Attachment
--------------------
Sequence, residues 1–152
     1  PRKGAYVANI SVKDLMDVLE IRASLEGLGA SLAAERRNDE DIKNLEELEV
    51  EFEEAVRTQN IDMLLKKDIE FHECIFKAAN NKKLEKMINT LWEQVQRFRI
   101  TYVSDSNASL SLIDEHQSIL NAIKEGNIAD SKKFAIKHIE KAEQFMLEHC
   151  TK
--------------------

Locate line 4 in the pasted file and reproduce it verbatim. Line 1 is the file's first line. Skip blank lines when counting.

   101  TYVSDSNASL SLIDEHQSIL NAIKEGNIAD SKKFAIKHIE KAEQFMLEHC